weather icon Clear
RJ App
Vegas News, Alerts, ePaper

CCSD awarded $57K in fees after dismissal of mask mandate lawsuit

A federal judge has ordered two parents to pay about $57,000 in attorney fees to the Clark County School District after their lawsuit challenging a COVID-19 mask mandate was dismissed.

Parents Monica Branch-Noto and Tiffany Paulson filed the lawsuit in August on behalf of their children. It was dismissed in December, and the school district filed a motion in January seeking attorney fees.

The parents alleged that a mask mandate violated their students’ constitutional rights. They named the school district, Gov. Steve Sisolak and Attorney General Aaron Ford in the lawsuit.

U.S. District Judge Jennifer Dorsey wrote in an order Tuesday that the parents “hadn’t established a viable legal basis for their federal claims.”

Five attorneys and a paralegal spent about 228 hours on the case for the school district, with hourly rates between $200 and $330, according to court documents.

“These professionals spent significant time and effort in the face of a scattershot lawsuit asserting various, frivolous deprivations of constitutional rights,” Dorsey wrote.

The judge awarded the district $395 less than what it sought, saying evidence of local billing rates for paralegals is lower than the $200 an hour the district was seeking.

The parents who filed the lawsuit are represented by attorneys Sigal Chattah, the Republican nominee for attorney general, and Joey Gilbert, a former Republican candidate for governor who’s now contesting the June primary election results. They have represented other plaintiffs in similar lawsuits over pandemic-era mandates.

Chattah responded to a Las Vegas Review-Journal email Tuesday evening and sent a copy of a court transcript from a hearing in November, but but she did not provide a comment. The Clark County School District did not respond to an inquiry.

Earlier this month, the school district was denied attorney fees in a separate mask mandate lawsuit — which also was dismissed — where Chattah and Gilbert represented parents. An order was issued July 15 by U.S. Magistrate Judge Brenda Weksler.

Parents Jason Ruiz, Robert Parker and Erin Gomez filed a lawsuit in November on behalf of their children against Sisolak, Ford and the school district.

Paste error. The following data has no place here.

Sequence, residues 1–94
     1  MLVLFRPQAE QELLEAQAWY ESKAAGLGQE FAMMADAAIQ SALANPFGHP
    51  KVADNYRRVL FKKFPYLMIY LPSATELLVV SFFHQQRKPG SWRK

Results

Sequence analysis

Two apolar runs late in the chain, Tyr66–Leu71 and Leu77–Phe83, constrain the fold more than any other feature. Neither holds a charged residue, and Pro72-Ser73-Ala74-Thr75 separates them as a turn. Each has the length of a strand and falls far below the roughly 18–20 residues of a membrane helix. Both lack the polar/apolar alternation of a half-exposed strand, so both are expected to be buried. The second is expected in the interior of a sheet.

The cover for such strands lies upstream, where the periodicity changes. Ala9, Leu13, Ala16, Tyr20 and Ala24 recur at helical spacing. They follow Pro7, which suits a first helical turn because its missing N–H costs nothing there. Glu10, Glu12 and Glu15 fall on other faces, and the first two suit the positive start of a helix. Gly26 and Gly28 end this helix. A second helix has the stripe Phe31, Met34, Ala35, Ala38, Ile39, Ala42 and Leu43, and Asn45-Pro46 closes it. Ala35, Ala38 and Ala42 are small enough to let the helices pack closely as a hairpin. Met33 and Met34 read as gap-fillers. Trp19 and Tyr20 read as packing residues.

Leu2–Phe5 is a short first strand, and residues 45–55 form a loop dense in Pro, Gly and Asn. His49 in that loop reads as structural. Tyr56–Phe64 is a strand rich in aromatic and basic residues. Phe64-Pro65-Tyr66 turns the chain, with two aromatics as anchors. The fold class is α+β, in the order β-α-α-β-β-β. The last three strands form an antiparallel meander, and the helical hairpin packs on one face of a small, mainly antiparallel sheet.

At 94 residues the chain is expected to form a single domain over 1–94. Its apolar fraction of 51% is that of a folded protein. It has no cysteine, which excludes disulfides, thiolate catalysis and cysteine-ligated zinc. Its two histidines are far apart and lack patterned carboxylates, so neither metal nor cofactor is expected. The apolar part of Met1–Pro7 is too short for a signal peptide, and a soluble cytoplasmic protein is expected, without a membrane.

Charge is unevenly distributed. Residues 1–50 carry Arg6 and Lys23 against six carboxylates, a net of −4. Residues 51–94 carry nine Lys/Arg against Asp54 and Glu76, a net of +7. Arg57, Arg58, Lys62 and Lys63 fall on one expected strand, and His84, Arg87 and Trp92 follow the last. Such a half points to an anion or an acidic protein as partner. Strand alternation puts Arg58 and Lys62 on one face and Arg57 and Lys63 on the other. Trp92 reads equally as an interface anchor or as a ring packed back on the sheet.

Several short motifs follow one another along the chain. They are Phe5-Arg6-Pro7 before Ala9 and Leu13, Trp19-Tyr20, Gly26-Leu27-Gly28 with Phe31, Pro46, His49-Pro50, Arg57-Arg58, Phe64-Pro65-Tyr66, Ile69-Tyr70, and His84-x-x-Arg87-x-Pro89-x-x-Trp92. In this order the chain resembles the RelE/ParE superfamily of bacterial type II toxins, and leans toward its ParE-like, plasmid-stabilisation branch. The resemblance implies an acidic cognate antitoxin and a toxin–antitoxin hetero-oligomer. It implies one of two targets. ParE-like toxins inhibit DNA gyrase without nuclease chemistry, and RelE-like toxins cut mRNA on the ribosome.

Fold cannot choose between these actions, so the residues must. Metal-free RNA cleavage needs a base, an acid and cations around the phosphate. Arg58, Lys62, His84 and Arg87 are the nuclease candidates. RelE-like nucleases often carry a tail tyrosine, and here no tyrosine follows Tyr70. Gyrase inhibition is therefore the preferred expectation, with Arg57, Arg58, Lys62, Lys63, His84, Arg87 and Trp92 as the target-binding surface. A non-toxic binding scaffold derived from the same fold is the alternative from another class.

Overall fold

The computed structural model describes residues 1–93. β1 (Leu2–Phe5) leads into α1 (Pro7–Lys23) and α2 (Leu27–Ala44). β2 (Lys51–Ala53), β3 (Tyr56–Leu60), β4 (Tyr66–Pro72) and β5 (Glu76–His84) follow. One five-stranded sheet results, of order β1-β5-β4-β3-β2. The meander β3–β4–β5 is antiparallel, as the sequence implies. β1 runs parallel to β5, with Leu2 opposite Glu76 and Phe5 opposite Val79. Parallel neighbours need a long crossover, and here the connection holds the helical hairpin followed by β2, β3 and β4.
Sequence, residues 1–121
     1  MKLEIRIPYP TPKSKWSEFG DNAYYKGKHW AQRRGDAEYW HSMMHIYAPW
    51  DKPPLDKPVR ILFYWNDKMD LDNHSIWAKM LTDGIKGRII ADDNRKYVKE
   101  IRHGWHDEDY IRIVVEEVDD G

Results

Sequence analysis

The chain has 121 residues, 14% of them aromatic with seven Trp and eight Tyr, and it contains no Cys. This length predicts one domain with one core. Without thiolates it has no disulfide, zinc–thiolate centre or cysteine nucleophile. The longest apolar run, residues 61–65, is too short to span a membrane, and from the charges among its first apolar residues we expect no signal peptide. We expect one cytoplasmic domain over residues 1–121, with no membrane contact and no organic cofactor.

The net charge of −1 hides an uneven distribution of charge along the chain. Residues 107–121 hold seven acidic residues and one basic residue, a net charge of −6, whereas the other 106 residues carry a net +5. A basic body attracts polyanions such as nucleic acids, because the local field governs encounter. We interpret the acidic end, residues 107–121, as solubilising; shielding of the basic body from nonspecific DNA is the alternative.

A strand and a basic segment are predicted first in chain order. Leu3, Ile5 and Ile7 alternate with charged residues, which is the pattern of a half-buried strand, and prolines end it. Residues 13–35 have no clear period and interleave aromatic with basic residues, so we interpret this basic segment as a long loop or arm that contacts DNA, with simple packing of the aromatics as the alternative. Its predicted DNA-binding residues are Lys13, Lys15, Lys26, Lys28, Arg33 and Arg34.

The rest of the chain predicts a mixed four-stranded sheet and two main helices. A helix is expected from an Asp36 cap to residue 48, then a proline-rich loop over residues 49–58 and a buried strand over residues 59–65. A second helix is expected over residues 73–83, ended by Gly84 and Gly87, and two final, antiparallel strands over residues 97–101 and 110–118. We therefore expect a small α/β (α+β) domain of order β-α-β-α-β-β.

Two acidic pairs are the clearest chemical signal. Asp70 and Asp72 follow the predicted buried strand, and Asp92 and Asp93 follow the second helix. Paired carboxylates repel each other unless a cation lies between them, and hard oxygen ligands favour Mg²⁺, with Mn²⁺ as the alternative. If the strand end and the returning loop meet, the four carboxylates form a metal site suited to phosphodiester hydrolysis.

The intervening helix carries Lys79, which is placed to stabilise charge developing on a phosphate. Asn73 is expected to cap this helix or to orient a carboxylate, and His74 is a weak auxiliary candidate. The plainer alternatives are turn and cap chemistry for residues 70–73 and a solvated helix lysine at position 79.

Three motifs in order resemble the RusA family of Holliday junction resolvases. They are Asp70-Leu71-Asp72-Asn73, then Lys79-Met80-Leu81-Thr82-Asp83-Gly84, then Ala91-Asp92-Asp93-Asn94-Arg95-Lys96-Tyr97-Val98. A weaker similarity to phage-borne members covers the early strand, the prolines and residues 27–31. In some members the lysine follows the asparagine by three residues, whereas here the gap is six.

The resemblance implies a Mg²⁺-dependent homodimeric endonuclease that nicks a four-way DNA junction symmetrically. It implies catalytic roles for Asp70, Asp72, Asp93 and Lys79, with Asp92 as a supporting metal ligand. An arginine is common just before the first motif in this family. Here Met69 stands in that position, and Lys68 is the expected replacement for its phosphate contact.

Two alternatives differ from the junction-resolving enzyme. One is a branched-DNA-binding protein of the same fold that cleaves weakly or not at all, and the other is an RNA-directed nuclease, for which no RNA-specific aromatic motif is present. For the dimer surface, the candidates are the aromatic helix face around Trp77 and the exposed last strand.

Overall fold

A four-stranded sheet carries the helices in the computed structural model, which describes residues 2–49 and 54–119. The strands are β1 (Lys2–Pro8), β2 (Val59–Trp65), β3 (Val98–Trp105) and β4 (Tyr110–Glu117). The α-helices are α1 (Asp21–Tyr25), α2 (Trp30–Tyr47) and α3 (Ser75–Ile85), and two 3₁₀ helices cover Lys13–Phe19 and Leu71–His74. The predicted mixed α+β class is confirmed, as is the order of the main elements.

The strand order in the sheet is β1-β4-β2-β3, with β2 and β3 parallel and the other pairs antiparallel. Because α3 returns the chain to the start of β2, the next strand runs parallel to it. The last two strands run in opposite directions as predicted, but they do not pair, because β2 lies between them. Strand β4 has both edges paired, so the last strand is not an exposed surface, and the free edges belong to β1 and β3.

“Plaintiffs moved for a preliminary injunction on the basis that the COVID-19 policies in place violated their fundamental right to parent as they see fit and make medical choices for their kids,” according to court records.

The district filed a motion in January seeking nearly $14,400 in attorney fees and said the parents’ claims were frivolous.

Plaintiffs had “little legal authority for their claims,” but it does not make their claims “frivolous,” Weksler wrote.

“That is because the coronavirus pandemic presented novel health issues, spurring Governor Sisolak and CCSD to issue emergency mask mandates,” she wrote, noting mandates were “a response to an unprecedented pandemic that required unprecedented government actions.”

Plaintiffs could not have supported their claim with “significant legal precedent because there was little to find,” Weksler wrote.

Contact Julie Wootton-Greener at jgreener@reviewjournal.com or 702-387-2921. Follow @julieswootton on Twitter.

Don't miss the big stories. Like us on Facebook.
Nevada State College to give update on proposed name change

Nevada State College is set to give an update Wednesday to higher education regents about its proposed name change , but the regents aren’t expected to take action.

Board of Regents set to consider interim chief of staff

Nevada’s higher education board has scheduled a special meeting Wednesday to consider hiring an interim chief of staff after the previous official resigned.

Therapy dog brings smiles to Sierra Vista High School

It’s the second year the goldendoodle therapy dog has been at the school. His guardian, Principal Jessica Lovell, wants to help students cope with their anxiety.

Organizers file signatures for school breakup initiative

The effort turned in more than 220,000 signatures on Wednesday to get the measure before lawmakers in the 2023 Legislature, well more than the 140,777 signatures needed.

UNLV showcases humanoid robot on global stage

The university’s team was among 17 groups that participated in an avatar robotics testing event in Long Beach, California.